Last May the White House started development of an updated national space transportation policy as part of a review of “sectoral” policies after the mid-2010 release of the broader National Space Policy. At the time officials said they hoped to complete the review of the policy in four to five months, but cautioned that timeline was subject to change. Ten months later, the policy has not been released—but it is coming.
Speaking at a public forum Tuesday morning organized by the Aerospace States Association (ASA), Peter Marquez, the former director for space policy at the White House who coordinated the development of the 2010 national space policy, said he understood that an initial draft of the policy was now complete and undergoing review. “It has now entered the blackout period” where the White House will no longer be seeking outside inputs, as it had during earlier stages of its development. (Marquez, who now works for Orbital Sciences, said he was speaking only for himself at the ASA event.) “The next time you hear or see of it is when it pops out of the Oval Office with the president’s signature on it.”
And when might that happen? Marquez expects that the policy will go through several rounds of reviews based on his own experience there: the 2010 policy, he said, went through four revisions. “So hopefully by—guessing—the fall timeframe, a new space transportation policy may pop out.”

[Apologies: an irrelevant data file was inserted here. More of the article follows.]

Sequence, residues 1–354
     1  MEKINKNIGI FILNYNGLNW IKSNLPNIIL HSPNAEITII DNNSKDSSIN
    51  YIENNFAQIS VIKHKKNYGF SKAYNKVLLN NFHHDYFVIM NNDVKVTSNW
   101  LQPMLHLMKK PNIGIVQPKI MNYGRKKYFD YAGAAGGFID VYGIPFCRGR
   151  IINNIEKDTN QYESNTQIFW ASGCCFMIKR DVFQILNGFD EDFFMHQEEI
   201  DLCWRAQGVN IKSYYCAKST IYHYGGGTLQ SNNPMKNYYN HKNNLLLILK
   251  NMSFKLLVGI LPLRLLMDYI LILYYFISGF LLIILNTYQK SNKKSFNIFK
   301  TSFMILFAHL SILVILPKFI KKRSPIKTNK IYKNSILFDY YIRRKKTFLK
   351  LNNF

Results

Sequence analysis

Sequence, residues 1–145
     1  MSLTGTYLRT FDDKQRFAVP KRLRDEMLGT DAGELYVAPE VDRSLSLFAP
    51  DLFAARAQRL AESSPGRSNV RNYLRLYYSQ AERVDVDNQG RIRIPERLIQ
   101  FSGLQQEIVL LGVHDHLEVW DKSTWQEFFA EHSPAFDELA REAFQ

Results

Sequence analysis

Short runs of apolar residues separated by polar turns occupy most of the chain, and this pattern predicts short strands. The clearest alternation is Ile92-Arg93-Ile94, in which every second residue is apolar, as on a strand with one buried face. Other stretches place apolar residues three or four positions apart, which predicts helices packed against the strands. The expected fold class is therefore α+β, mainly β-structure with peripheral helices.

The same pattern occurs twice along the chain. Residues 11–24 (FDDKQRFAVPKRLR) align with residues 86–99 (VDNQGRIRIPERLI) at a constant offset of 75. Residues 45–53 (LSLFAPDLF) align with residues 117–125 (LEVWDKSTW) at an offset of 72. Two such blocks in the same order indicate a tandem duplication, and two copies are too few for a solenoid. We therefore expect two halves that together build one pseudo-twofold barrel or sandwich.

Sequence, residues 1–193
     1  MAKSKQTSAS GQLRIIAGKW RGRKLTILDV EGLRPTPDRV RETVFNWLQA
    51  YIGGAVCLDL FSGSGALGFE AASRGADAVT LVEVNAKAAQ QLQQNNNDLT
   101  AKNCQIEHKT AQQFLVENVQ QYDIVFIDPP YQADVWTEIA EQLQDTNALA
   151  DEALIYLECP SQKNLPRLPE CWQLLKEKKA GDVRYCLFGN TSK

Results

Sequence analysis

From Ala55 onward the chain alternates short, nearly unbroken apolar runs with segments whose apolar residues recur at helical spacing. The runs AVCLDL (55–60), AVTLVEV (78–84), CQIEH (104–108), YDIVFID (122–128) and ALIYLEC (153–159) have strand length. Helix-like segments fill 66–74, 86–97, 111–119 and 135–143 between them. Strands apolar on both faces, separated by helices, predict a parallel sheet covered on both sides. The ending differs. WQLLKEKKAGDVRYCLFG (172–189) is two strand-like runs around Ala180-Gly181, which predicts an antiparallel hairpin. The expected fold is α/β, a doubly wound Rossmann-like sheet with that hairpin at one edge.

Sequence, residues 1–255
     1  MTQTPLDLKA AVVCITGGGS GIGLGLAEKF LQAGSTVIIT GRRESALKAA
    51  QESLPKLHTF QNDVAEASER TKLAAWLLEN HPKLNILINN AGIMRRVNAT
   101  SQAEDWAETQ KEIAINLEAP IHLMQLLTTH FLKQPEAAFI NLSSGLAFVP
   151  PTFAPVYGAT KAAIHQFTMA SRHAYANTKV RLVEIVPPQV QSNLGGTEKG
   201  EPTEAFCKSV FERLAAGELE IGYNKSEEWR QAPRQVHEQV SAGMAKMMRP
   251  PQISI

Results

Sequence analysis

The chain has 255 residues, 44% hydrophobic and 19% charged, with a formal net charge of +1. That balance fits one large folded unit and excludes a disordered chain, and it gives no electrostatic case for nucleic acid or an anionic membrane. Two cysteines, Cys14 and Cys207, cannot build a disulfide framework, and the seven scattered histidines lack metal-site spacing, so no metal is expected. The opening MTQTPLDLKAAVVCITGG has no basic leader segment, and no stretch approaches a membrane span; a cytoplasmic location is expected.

Marquez also offered his best guesses as to the contents of the policy, cautioning he had no insight into the specific details it might contain. Based on the themes of the overall national space policy, he said he expects the space transportation policy to cover topics such as reliance on commercial capabilities, resilience and mission assurance, STEM (science, technology, engineering, and mathematics) education, technology risk reduction, and international cooperation. Of those, education might seem out of place, but he said it would be tied to the need of having an educated workforce to support space transportation operations. “I would place good money on the national space transportation policy having some very directive language about STEM.”